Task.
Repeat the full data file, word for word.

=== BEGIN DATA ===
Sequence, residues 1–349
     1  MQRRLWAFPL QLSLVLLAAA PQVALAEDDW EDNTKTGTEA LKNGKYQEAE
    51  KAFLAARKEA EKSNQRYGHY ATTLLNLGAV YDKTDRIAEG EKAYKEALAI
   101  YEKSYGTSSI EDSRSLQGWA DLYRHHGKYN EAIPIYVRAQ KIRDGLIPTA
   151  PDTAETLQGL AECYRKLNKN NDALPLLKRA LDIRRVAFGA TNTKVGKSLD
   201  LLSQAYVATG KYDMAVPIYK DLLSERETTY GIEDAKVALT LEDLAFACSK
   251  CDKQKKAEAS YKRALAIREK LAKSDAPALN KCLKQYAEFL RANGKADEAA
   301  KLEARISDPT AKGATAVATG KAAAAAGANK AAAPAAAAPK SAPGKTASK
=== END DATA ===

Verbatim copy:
Sequence, residues 1–349
     1  MQRRLWAFPL QLSLVLLAAA PQVALAEDDW EDNTKTGTEA LKNGKYQEAE
    51  KAFLAARKEA EKSNQRYGHY ATTLLNLGAV YDKTDRIAEG EKAYKEALAI
   101  YEKSYGTSSI EDSRSLQGWA DLYRHHGKYN EAIPIYVRAQ KIRDGLIPTA
   151  PDTAETLQGL AECYRKLNKN NDALPLLKRA LDIRRVAFGA TNTKVGKSLD
   201  LLSQAYVATG KYDMAVPIYK DLLSERETTY GIEDAKVALT LEDLAFACSK
   251  CDKQKKAEAS YKRALAIREK LAKSDAPALN KCLKQYAEFL RANGKADEAA
   301  KLEARISDPT AKGATAVATG KAAAAAGANK AAAPAAAAPK SAPGKTASK